I stood in that cemetery surrounded by blood red canyon walls with my friend, Flora, and I looked up, and around, beyond the field of holes full of children and she was right. There was no way out, nowhere to hide. There was nowhere to run.

I didn't need a PhD in psychology to know exactly what kind of carnage the polygamy in Colorado City, Arizona and Hildale, Utah has produced.

I've got credentials. I am a human being. One who has walked through that fire.

Move along folks, they'll tell you there is nothing to see here, nothing wrong.

Do you really believe that?

It's no secret that the stars are falling from the sky
The universe exploded 'cause of one man's lie
Look, I gotta go, yeah I'm running outta change
There's a lot of things if I could I'd rearrange


  1. Dear K D After reading your story , am unable to comment , have gone numb.

    On a more superficial level , thanks for posting the U2 video, I remember watching the video " Live at red rocks " many years ago and instantly became a huge U2 fan but then after the joshua tree I kind of lost interest in them
    but after reading your story It opened me up emotionally to the video.

    I remember years ago being in charge of a Sunday morning meeting and news came through that the son of someone who was connected to the fellowship had committed suicide the night before by putting his father's shotgun to his head. What can you do at a moment like that. I just said to the fellowship that we would have to cancel the meeting and instead first spend some time praying for the family and then go home and grieve for them and their loss. Again what else can you do at a time like that, I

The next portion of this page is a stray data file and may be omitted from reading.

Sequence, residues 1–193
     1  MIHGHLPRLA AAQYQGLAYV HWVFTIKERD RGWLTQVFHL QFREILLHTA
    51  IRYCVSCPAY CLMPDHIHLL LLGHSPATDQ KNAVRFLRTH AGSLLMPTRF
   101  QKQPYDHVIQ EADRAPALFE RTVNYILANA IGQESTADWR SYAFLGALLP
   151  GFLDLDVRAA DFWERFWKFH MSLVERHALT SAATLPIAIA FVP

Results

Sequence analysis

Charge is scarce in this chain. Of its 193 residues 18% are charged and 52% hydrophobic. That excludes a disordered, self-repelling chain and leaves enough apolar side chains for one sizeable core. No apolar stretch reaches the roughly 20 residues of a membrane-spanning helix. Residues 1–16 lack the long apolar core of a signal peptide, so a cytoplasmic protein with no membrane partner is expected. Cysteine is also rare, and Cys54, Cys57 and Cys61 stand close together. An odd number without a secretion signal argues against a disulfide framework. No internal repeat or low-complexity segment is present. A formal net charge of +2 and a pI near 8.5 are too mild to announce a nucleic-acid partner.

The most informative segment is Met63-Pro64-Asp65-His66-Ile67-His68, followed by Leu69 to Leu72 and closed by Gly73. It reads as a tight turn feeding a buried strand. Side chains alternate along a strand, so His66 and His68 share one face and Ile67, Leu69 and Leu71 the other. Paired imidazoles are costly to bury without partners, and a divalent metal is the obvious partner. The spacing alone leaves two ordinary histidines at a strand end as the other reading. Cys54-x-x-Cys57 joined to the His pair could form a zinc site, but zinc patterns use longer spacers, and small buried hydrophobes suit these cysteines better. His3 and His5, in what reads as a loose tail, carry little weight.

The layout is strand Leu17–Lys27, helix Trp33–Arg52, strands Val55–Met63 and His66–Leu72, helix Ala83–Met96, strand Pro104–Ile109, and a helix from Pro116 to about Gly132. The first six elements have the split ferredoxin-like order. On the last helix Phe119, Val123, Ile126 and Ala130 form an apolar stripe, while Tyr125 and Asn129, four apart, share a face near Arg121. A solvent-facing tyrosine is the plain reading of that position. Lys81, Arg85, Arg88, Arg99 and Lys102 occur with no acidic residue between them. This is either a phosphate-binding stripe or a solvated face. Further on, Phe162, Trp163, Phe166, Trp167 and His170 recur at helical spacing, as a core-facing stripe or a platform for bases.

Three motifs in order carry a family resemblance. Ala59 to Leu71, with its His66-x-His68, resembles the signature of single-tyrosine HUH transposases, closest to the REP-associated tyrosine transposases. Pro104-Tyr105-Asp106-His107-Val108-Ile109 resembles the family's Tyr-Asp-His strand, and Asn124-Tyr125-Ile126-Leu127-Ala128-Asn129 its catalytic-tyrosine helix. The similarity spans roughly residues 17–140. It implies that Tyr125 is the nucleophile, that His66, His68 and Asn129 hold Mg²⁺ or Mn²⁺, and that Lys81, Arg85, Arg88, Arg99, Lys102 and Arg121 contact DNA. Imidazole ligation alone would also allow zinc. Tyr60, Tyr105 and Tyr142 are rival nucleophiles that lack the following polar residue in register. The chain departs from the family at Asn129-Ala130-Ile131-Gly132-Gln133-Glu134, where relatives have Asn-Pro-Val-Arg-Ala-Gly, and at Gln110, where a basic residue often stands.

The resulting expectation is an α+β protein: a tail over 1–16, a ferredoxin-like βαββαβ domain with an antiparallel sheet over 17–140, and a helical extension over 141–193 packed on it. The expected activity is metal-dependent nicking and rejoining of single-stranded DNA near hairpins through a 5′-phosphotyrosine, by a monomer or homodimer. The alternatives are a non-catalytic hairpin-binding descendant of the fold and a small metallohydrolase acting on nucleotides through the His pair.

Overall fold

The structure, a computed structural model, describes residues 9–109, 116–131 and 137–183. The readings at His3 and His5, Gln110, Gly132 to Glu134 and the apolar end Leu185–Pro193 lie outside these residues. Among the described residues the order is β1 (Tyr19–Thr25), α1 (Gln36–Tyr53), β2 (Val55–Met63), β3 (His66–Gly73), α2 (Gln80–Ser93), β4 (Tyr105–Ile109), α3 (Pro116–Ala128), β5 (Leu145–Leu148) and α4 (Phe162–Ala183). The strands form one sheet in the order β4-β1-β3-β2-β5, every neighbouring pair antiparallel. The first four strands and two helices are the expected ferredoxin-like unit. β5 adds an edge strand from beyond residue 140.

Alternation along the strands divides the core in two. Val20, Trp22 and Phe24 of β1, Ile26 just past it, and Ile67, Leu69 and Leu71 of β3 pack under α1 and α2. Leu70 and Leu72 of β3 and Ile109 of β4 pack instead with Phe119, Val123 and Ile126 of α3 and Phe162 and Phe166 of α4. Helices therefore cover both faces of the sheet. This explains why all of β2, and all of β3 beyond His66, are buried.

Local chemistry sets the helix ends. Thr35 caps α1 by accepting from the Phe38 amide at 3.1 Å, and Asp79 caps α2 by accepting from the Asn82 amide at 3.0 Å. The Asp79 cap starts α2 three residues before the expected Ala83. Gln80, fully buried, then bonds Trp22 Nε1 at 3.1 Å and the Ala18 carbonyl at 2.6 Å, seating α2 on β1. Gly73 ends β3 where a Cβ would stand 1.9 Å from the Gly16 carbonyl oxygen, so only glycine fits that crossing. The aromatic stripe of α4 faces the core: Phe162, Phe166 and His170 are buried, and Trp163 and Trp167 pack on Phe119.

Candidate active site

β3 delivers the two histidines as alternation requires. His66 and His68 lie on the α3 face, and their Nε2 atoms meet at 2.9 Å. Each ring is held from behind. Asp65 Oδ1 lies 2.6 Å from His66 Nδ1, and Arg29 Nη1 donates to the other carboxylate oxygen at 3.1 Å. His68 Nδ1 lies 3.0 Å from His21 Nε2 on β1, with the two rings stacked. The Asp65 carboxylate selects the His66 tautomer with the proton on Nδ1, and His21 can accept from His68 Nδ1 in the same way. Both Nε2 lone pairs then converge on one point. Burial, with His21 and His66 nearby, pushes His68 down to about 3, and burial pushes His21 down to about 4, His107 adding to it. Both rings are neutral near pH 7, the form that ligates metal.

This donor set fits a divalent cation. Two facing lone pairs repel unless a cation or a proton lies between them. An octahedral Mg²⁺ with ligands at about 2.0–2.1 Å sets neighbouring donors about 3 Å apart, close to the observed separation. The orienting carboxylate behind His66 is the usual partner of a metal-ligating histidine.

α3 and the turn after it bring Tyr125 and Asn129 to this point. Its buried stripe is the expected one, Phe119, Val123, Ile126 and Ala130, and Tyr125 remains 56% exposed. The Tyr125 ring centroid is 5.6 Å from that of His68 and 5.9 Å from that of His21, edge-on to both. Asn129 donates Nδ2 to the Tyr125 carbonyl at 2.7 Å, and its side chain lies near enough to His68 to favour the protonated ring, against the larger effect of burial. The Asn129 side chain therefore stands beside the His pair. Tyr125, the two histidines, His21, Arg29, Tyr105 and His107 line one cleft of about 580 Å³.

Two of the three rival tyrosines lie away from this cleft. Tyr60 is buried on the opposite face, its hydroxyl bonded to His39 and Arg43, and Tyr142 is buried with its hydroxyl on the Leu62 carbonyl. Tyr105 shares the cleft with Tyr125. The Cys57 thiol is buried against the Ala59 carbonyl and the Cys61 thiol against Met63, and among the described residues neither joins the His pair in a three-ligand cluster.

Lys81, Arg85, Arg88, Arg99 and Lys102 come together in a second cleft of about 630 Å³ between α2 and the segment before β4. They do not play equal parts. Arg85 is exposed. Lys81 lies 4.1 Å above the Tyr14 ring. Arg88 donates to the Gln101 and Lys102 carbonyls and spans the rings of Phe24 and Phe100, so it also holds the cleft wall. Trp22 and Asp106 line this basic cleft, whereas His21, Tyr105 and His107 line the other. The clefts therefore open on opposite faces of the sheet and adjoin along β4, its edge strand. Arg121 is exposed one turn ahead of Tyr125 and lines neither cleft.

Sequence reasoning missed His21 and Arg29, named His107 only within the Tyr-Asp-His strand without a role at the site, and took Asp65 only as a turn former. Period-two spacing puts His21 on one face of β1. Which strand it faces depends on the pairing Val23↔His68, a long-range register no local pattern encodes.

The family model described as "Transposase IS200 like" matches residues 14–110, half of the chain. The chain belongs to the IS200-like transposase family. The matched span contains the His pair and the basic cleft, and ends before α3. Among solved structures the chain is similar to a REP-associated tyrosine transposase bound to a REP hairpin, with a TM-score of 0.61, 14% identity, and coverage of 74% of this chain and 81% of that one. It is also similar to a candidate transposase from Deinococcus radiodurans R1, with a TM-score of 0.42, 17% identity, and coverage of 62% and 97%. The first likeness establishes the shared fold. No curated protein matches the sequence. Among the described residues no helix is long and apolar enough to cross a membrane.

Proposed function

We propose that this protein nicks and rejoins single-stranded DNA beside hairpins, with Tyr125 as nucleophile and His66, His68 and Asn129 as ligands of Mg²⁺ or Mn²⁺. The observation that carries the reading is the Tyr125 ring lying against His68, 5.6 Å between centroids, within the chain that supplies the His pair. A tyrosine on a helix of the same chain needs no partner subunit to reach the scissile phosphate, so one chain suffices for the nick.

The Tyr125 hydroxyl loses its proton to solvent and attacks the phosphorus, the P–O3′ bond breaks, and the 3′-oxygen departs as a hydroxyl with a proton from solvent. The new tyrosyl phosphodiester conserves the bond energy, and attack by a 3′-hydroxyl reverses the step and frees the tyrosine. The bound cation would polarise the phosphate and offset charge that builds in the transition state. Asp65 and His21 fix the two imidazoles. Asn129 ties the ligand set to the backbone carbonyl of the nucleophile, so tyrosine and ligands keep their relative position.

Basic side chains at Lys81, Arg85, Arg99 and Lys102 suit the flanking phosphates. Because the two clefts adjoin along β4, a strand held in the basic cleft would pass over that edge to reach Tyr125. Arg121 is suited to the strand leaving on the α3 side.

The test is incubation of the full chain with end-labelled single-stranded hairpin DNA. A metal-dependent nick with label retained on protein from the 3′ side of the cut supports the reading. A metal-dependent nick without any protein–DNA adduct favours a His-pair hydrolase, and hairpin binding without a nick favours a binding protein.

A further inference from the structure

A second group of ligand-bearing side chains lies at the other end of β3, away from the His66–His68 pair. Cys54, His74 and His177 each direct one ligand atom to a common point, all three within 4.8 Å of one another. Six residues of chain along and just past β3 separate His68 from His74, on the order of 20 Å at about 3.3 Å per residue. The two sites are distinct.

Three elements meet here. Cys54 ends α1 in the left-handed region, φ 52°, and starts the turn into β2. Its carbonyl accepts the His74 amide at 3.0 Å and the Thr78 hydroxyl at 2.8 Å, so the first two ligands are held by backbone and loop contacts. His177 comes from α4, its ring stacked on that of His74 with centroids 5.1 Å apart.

feel the same way after reading what you have been through.
    Sincere Warmth. Steve.

  2. Steve, thank you so much for your kindness. There is nothing to be said when people experience the loss of a child but "I'm so sorry this has happened to you".

    I think G-d used music to keep me alive for a very long time, especially U2. I was too disconnected and wrapped in my own pain for anyone or anything else to reach.

    G-d is good, all the time.

    What I recognized in the victims and survivors of polygamy when I met them was GRIEF, which our modern society has no place for. We are all supposed to be shiny happy people don't you know? I call it the "Prozac nation". Rather than mourning with those who mourn we live in a world which avoids those who have pain we cannot understand.

    I cannot even imagine what the unexpressed grief has done to the insides of some of those mothers.

    Again, thank you for your kindness.

  3. So sad.. as a mother I cannot let myself imagine it completely. Yet my sister and her little boy shared tragic deaths in Mexico where she lived as a plural wife. Her husband was to blame. I knew many other victims of polygamy during my upbringing, and understand your need to speak out. Thank you, I appreciate your honesty and effort.

  4. Kim, I wouldn't ever want anyone to imagine it. Ever. Most people think I'm a pretty tough cookie but sometimes my insides are J-E-L-L-O. Two examples, in 1999 I had a setback when the tragedy at Colimbine happened. For days I cried for those poor parents. Then in 2003, when the media showed pictures of Saddam Hussein's sons who had been killed, it tore me up so badly, because all I could think of was their poor mother.

    I am so sorry about your sister and nephew. But I am so happy that you are out and free. Keep changing the world!